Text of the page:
What was the most I ever paid for a Freddy book? Well, I completed the set back in the '70s largely through the assistance of Mr. Frances Klenett, a Brooklyn, New York, bookseller. He was a most courteous and helpful gentleman and always dealt fairly and reasonably with me. I went through my scrapbooks, and in the 1976 volume I found the following note from Mr. Klenett. I think the title mentioned in it was the last I needed. Note the price, the most I ever paid for a Knopf Freddy book.

Mr. Klenett's note to me

Mr. Klenett underestimated the condition. It is a good+ first edition, and it has a dust jacket, not that that matters very much to me. I thought the book may have been a little on the expensive side back then, but I saw essentially the same book advertised for $300 on the Internet today. N. B. This topic always seems to get me going, and I think since you all know my feelings on it by now, I will henceforth disregard all further questions about book dealers, the prices of Freddy books, etc.

Question: I think some of Freddy Bean's poetry is quite good. Why do you call it "vile"?
Answer: You think you've read all his poetry, don't you. You probably even have the Collected Poems into which "Uncle Walter" inserted some of Freddy's own poetry alongside his own? Well, here's one you haven't seen--the final draft of a previously unpublished "Freddy" poem. I believe this is one of his earlier "works." Later he did turn something out called "Thoughts on Teeth" (which Mr. Brooks incorporated in his Freddy and Simon the Dictator), but I found this unpublished poem "Teeth" stuck in one of the Beans' picture albums along with a rejection letter from a literary magazine. Read it and you'll see why I think his "poetry" is vile.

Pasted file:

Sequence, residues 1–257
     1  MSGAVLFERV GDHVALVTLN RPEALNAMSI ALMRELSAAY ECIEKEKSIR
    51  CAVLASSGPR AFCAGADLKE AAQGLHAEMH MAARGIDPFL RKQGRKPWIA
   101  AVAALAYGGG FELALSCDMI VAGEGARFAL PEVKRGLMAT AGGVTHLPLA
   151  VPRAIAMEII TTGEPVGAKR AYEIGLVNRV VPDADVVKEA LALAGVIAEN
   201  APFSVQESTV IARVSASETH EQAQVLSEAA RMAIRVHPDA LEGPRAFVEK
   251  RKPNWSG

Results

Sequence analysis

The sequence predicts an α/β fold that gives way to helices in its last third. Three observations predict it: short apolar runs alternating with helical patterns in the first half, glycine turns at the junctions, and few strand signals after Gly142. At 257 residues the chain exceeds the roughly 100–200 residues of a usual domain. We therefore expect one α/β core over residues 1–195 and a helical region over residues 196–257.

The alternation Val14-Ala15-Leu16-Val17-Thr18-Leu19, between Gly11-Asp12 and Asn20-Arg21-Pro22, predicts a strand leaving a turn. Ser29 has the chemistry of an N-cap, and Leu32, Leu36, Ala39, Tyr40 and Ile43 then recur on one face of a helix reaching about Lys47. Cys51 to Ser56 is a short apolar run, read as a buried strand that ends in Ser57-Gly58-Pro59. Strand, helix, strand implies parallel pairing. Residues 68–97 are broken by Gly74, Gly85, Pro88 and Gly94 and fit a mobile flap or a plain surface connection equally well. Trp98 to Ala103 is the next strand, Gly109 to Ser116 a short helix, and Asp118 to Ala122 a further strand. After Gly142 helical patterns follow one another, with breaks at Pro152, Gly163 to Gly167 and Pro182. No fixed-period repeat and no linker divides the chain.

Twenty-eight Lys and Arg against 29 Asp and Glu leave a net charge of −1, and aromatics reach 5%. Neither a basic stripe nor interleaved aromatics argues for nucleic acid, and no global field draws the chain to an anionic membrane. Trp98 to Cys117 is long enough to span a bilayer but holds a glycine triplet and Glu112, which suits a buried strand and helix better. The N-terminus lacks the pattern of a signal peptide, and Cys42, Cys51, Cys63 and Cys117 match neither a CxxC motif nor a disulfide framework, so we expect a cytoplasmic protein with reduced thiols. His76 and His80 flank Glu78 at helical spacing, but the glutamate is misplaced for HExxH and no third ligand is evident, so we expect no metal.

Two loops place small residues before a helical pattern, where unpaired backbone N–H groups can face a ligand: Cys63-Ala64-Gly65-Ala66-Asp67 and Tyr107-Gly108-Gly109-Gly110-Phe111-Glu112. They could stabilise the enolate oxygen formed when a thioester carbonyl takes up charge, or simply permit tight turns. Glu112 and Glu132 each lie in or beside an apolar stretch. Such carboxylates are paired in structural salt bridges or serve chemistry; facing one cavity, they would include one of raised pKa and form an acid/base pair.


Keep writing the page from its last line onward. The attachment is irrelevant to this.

"The Teeth"
by Frederick Bean

Fangs, tusks, bicuspids, molars--
Call them what you will...
Sans teeth, choppers, eater-uppers
You couldn't eat your fill.

Toss in oatmeal, toss in porridge,
shovel in hominy grits.
Throw in farina and other forage!
Teeth grind 'em quickly to bits.

And now to tougher foods we venture,
like steak and hard little peas.
Your pearly whites, your gnashing denture-
-s handle them with ease.

So brush your teeth with daily vigor.
Don't neglect them, if you please.
The cavities in them'll only get bigger,
and hurt more than the sting of bees.

So, what do you think now? I know what I think. I think I'll toss this "poem" right into the trash.

Question: Is all the stuff on your site copyrighted? Do I have to ask your permission to quote or copy your stuff?
Answer: Yes, it is and yes, you do. EHA Industries and the Disney organization are much alike in this respect; however, we are much more liberal in granting permission to quote or copy our "stuff." The terms are simple: always ask first, always give us credit, and, if you are copying or quoting our material on a Web site, we'd very much appreciate a link to Mr. Eha's Place. Is this not reasonable? Yes, it is. The Board of Managers thanks you for your cooperation in this matter.